At his rally, Trump spoke, as he almost always does, to a crowd made up almost completely of white voters. In what has become a common refrain, he framed the election in apocalyptic terms: “Either we win this election or we are going to lose this country,” he said.

To his followers, that threat is all too real. Judy Krauss, a 70-year-old retired teacher who attended the Trump rally, said she worries that “leftist liberals” are changing America for the worse.

“They’re already in the schools, already in the media, already in the Republican Party,” she said.

Michelle Churma, wearing a pin on her shirt with an image of a machine gun and the phrase “Plead the Second” — a reference to the 2nd Amendment —  said she feared the country would go “in an awful direction” if Clinton is elected.

“There’s an America that holds fast to the Constitution … the idea that everyone has an equal chance,” she said. The other believes “everyone has to have the same stuff … the government owes me.”

Earlier this fall, at a shopping mall not far from the rally site, representatives of the other America spoke of their discomfort with Trump.

“We’re married; he’s not OK with that,” said Terri Glimcher, 60, of Powell, Ohio, as she sat in the food court with her wife, Tammy McKey. They were able to marry after the Supreme Court legalized gay unions last year. “He wants to overturn that. And that’s scary.”

Downstairs in another part of the mall, Omeliah Nembhard, 21, said that she was no big fan of Clinton but that Trump struck at the fears of her immigrant family, which moved here from Jamaica.

“My family came here for opportunity, and Donald Trump is taking that away,” she said. “He’s taking America out of America. “

The version of America seen at the ballot box has changed dramatically over the years...
Still more.

Britt Bergmeister Sports Illustrated Swimsuit Casting Call 2017 (VIDEO)

She's fabulous:

Struggles of North Carolina Rural Voters (VIDEO)

This is interesting, even riveting in some respects.

Rural life is so different, and yet so beautiful. I love North Carolina. I love the mountain feel, the Appalachian feel.

Watch this clip, featuring white folks in Wilkesboro, North Carolina, from the PBS News Hour:

Donna Brazile Claims She's Being 'Persecuted' After Megyn Kelly Asks Her How She Obtained the Exact Same Question as Hillary Clinton at the March 13th Debate (VIDEO)

Truly despicable.

Talk about a rigged election. That's not up for debate.

The whole video's good, but go to 5:55 minutes at the clip:

'We will drain the swamp in Washington, D.C.'


There's a lot of draining to be done.

Here's Donald Trump at Gettysburg, "Trump makes 'closing argument,' again attacks accusers."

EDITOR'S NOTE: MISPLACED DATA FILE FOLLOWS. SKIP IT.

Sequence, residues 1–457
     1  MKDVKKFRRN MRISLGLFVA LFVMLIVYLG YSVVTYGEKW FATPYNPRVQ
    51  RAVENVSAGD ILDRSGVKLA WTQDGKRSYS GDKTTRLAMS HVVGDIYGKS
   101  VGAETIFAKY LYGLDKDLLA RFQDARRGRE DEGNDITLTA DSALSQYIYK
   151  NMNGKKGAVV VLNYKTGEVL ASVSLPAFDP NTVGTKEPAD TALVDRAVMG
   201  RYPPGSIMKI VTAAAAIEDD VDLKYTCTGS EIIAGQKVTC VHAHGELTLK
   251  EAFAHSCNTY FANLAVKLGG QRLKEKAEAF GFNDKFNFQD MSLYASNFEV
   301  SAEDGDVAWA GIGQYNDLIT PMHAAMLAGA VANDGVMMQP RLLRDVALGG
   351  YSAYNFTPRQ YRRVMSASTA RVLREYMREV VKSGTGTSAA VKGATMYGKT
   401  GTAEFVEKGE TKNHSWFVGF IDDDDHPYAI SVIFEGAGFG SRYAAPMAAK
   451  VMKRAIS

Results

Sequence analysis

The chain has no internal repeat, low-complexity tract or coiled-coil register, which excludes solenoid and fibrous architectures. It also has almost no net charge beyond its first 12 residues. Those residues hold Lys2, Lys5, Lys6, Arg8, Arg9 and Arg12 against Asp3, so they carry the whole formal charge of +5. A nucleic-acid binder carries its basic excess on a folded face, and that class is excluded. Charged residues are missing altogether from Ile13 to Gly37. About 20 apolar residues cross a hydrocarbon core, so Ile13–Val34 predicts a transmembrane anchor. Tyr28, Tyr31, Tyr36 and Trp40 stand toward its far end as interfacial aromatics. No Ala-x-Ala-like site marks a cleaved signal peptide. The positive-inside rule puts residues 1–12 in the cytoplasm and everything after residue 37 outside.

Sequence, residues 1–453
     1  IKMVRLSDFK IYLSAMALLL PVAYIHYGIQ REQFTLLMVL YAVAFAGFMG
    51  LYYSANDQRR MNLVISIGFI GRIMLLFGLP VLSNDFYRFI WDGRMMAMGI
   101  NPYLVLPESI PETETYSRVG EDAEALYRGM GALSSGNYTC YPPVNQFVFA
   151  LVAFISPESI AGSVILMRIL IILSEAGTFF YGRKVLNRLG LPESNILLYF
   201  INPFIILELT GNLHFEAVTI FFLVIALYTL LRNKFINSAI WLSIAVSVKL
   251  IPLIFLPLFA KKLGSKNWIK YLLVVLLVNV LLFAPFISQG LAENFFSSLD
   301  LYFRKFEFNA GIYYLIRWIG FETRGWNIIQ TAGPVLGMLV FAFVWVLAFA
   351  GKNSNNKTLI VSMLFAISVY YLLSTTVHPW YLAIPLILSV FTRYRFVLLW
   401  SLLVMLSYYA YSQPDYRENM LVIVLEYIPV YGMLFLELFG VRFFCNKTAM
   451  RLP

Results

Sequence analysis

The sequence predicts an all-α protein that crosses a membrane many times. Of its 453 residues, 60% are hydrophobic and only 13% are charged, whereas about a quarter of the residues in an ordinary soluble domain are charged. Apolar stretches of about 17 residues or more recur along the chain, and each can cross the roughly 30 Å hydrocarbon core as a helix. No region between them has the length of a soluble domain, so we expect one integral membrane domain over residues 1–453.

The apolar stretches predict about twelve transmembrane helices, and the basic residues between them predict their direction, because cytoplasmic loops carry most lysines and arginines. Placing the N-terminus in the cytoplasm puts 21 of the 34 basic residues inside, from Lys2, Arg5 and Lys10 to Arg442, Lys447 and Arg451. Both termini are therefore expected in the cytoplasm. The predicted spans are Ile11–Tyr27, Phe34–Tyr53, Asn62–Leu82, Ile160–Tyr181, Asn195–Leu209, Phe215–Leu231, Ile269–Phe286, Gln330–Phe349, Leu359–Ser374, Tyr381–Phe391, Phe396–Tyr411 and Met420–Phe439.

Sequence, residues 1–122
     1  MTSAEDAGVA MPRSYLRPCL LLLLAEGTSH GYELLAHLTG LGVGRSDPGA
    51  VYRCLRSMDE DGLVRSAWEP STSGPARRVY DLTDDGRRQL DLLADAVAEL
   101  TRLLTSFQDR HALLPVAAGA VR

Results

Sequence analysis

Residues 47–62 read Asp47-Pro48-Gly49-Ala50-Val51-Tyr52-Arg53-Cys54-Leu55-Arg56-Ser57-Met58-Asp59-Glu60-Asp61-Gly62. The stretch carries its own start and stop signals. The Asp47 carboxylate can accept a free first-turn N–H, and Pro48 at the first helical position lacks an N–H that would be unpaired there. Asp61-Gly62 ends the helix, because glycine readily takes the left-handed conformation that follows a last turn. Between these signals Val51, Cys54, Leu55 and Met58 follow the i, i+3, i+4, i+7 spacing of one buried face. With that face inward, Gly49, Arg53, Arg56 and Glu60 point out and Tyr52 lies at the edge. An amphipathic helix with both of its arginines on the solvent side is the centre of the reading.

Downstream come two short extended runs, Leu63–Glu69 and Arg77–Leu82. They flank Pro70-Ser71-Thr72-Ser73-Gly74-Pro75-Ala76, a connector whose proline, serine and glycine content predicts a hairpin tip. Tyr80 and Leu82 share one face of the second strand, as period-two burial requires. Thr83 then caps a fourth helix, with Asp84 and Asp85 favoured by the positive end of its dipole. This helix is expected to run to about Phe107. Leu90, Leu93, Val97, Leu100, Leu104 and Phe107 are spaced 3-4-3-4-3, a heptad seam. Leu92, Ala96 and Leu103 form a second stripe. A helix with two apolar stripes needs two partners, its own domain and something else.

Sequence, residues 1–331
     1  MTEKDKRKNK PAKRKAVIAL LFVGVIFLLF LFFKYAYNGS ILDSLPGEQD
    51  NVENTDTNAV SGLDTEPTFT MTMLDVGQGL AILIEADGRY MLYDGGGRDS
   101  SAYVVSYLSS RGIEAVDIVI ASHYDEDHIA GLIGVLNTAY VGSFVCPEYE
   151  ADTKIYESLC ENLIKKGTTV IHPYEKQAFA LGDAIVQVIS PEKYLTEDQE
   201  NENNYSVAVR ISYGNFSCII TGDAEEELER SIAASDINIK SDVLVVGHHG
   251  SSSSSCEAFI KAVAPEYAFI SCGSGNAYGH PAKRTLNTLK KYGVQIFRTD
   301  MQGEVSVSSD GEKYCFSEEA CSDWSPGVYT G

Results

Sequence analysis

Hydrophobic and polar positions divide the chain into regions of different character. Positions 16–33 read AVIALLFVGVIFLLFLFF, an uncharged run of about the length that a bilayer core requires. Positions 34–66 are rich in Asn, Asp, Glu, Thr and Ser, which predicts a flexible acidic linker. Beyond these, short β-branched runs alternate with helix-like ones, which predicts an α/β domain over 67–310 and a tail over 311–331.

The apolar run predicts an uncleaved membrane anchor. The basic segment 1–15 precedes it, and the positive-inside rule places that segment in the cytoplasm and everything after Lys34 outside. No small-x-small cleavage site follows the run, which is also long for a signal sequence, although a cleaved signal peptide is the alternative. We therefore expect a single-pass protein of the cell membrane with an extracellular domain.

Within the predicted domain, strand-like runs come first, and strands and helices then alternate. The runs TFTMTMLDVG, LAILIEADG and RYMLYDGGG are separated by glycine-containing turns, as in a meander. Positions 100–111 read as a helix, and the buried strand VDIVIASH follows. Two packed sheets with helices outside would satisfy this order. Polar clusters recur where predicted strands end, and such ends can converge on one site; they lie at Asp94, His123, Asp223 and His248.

Reuters Calls the Election for Hillary

Crooked Hillary's been ahead in the Electoral College for almost the entire campaign, but Reuters is making a bid deal of her current lead. See, "Clinton far ahead in Electoral College race: Reuters/ipsos poll" (at Memeor
Democratic candidate Hillary Clinton maintained her commanding lead in the race to win the Electoral College and claim the U.S. presidency, according to the latest States of the Nation project results released on Saturday.

In the last week, there has been little movement. Clinton leads Donald Trump in most of the states that Trump would need should he have a chance to win the minimum 270 votes needed to win. According to the project, she has a better than 95 percent chance of winning, if the election was held this week. The mostly likely outcome would be 326 votes for Clinton to 212 for Trump.

Trump came off his best debate performance of the campaign Wednesday evening but the polling consensus still showed Clinton winning the third and final face-off on prime-time TV. Trump disputes those findings.

And some national polls had the race tightening a wee bit this week though others had Clinton maintaining her solid lead. But the project illustrates that the broader picture remains bleak for Trump with 17 days to go until the Nov. 8 election.

Trump did gain ground in South Carolina where his slim lead last week expanded to seven points, moving it into his column from a toss-up. Unfortunately for him, he lost ground in Arizona, which is now too close to call.

Additionally, he is facing a challenge for Utah’s six Electoral College votes from former CIA operative and Utah native Evan McMullin. The independent candidate is siphoning votes away from Trump in a state that is Republican as any in the nation. In some polls, McMullin is even leading. (The States of the Nation is not polling on McMullin.)

Utah, like almost all of the states, is a winner-take-all contest.
Keep reading.

Facebook Employees Pushed to Remove Trump's Posts as Hate Speech

Facebook employees threatened to quit over Trump, angry that Mark Zuckerberg allowed Trump's posts to stay up, even though, according to employees, his comments violated the social network's terms of service.


Good on Zuck. But what you're seeing is the axis of ideological conflict going forward, starting very soon, in fact. And leftists are going to win, more and more. Conservative speech will be shut down as "hate speech." First it'll be on private services like Facebook, but if Hillary gets a couple of Supreme Court nominees confirmed, Court rulings may well chip away at longstanding protections for speech. Look for cases arising from the hotbeds of political correctness, America's college campuses.

The Movement for Prison Reform on the Right

From Megan McArdle, at Bloomberg, "How the Right Changed Its Mind on Prison":
One of the heartening developments of the last few years has been the emergence of a serious movement for prison reform on the right. These people are not simply coming over to the left-wing side; they have their own ideas about de-escalating mass incarceration, and an increasingly serious commitment to doing so.

Political scientist Steven Teles has just released a new book on the phenomenon: “Prison Break: Why Conservatives Turned Against Mass Incarceration.” I sat down with him on Thursday to ask him about the book and talk about what it might mean for the future of both criminal-justice reform and the Republican Party.

Keep reading.